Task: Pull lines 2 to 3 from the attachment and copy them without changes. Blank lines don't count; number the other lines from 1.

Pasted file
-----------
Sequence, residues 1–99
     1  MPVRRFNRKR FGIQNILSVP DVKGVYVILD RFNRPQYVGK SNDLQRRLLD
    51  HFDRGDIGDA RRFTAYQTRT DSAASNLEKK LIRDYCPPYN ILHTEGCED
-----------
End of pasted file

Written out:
     1  MPVRRFNRKR FGIQNILSVP DVKGVYVILD RFNRPQYVGK SNDLQRRLLD
    51  HFDRGDIGDA RRFTAYQTRT DSAASNLEKK LIRDYCPPYN ILHTEGCED